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Marg Delahunty rides again: Mary Walsh takes the 'princess warrior' on the road

Mary Walsh is getting set to tour her new play, Dancing With Rage. Shot at the Mirvish offices in downtown Toronto, Jan. 25, 2013.

Amanda Lowe/The Globe and Mail

Mary Walsh may have won the Governor-General's Performing Arts Award for lifetime achievement last year, but the 60-year-old comedian from St. John's has not retired from being funny or furious. She's back on stage this month with Dancing with Rage, a solo show based on "princess warrior" Marg Delahunty – a character who has hilariously harassed politicians, from former prime minister Kim Campbell to current Toronto Mayor Rob Ford, on CBC's This Hour Has 22 Minutes for almost 20 years.

This winter, Walsh's play – in which Marg goes on a quest to find the Expo 67 love child she gave up for adoption as a teen – will travel to Edmonton, Vancouver and Victoria, before spending three weeks as part of the new Off-Mirvish season in Toronto; she spoke with The Globe and Mail before heading off on tour.

Marg Delahunty came out of retirement to do her Rob Ford interview in 2011 – the one that ended with a 911 call. Did widespread interest in that segment inspire Dancing with Rage?

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No, I was already working on [it] by the time I'd ambushed Ford – we'd already had two workshops.

Marg's always been a sketch character – did you have any concerns about her carrying a whole show?

It's not just Marg. I'm in it, and there's also The Little Girl Who Grew Up Next Door to Her Family, and Dakey Dunn. Marg is the star of the show, like Mary Tyler Moore, but the Betty Whites end up getting the funnier material.

Who is The Little Girl Who Grew Up Next Door to Her Family?

I grew up next door to my family. My mother and father and my seven brothers and sisters lived at No. 7 Carters' Hill [in St. John's] and I lived at No. 9 with my two maiden aunts and an uncle. And so, in a way, that's my story – but it's like Marg has macular degeneration and I have macular degeneration. It's easier to write about what you know.

Did you create characters to deal with that personal material, rather than talking about it as yourself?

Characters are just the way I've worked from the beginning [with sketch troupe CODCO]. Being a young woman is entirely a bad place to be as a comedian, because as a young woman, you're expected to look good and shut up. So you create characters – older women, men – so that you can speak. If you're just 18-year-old Mary Walsh, a lot of your interest is: How do I look? Is my hair all right? Is buddy in the audience gonna look at me? But if you're playing Nan in Cod on a Stick, you are allowed to have an opinion.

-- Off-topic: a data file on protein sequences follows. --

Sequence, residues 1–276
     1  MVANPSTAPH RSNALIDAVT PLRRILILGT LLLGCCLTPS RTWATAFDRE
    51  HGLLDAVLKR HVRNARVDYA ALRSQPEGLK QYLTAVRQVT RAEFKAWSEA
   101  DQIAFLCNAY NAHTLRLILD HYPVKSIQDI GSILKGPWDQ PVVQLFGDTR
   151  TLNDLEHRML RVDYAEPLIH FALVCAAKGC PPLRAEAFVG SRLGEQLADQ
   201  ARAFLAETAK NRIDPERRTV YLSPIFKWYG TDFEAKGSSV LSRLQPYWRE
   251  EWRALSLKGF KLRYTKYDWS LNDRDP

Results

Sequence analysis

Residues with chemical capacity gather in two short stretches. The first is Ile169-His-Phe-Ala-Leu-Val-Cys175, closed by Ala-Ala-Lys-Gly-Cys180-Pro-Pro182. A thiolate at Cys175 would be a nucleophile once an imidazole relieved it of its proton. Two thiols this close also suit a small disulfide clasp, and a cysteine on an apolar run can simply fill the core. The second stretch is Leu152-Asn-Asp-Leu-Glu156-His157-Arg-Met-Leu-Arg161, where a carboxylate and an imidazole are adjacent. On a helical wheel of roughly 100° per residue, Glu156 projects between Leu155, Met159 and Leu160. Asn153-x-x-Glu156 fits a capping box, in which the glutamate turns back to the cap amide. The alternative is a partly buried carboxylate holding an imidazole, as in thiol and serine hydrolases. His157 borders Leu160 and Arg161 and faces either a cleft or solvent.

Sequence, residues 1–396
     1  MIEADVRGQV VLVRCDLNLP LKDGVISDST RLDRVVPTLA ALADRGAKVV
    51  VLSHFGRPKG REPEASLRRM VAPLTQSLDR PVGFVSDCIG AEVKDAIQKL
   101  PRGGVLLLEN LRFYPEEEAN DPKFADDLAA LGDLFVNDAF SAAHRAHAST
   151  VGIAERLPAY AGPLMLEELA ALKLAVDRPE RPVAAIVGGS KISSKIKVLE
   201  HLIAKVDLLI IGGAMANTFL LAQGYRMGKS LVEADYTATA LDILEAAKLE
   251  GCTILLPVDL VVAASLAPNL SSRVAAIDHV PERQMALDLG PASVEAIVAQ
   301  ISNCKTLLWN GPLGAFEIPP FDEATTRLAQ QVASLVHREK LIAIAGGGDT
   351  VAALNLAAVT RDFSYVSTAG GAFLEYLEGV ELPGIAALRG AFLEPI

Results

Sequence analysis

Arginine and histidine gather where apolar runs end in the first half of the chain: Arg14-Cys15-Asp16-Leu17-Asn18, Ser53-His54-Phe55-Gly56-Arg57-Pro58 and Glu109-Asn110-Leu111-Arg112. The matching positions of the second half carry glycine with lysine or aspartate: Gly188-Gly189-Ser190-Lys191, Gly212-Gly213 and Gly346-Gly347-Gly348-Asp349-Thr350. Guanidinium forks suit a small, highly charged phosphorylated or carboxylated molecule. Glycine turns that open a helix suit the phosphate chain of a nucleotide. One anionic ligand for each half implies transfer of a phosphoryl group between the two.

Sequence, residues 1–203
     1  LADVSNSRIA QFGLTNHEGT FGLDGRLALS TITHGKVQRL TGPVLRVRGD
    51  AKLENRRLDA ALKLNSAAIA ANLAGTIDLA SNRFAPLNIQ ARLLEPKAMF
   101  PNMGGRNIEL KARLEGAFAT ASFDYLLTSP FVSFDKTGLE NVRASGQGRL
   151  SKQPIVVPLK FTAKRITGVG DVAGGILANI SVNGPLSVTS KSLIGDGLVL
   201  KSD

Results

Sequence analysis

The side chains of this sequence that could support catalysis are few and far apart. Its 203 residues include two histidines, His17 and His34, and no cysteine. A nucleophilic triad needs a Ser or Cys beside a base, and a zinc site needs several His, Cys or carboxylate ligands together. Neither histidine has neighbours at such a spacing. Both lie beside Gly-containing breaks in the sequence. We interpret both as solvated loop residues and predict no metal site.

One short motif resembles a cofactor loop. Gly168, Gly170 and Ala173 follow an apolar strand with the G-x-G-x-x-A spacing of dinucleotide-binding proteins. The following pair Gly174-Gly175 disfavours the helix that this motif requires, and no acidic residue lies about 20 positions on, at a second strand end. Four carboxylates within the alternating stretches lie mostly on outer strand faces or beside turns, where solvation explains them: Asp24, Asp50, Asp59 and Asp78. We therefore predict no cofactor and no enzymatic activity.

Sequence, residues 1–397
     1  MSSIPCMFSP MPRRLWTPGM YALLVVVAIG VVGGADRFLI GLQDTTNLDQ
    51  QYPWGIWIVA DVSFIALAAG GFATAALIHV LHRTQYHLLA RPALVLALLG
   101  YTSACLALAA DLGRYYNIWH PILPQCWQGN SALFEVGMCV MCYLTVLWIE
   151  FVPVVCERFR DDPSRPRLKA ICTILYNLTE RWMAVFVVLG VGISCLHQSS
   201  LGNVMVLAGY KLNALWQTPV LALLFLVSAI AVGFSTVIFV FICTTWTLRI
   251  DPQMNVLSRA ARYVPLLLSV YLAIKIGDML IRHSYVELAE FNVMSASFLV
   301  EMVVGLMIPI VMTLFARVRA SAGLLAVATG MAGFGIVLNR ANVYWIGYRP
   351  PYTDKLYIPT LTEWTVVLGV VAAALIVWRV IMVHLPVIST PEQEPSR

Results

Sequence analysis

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Is that changing?

You'll have to ask an 18-year-old. I don't think it's changing too much: 18-year-old girls are often spending a lot of time – from what you can hear in the news – having their punanis waxed down at, you know, the Brazilian thing. When do they have time to be talking? They say, "Ow, ow, ow!"

There does seem to be an ongoing discomfort about women in comedy. Even someone like Christopher Hitchens, who wrote a lot of smart articles, wrote that one about how women aren't as funny as men.

But he wrote a lot of ridiculous stuff, let's face it. That's what I really hate – it's like, people are dead and all of a sudden, he was brilliant. He was a curmudgeon is what he was. Lucille Ball created the three-camera sitcom, you can't be much more iconic than that. There have always been funny women – because we're 53 per cent of the population.

Is it frustrating to hear this same discussion over and over again – whether it was you and Cathy Jones, or now Tina Fey or Bridesmaids breaking new ground.

Some 18 th– century wag said – men and women have very little in common, but one thing is they all hate women. There is a heartbreaking truth to that in some way. There's such a struggle and the struggle is ongoing.

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Dancing with Rage was supposed to come to Toronto last year, but you got sick.

I did a run in St. John's, then I caught pneumonia and ended up in the hospital, then I sort of got better. In June, I came up to Toronto to visit my son – guy on a bike, tore right through a stop, knocked me down, broke three of my ribs. Then I was laid up again, then I got pneumonia again, because you can't breathe properly with your ribs broken because it's so painful. It was an annus horribilis.

So, you have that in common with your nemesis Rob Ford at least – your opinion of Toronto cyclists.

[As] I was over in the Toronto General, I for the first time felt some sympathy – just some sympathy; I don't agree with him – with his take on cyclists.

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About the Author
Theatre critic

J. Kelly Nestruck is The Globe's theatre critic. More


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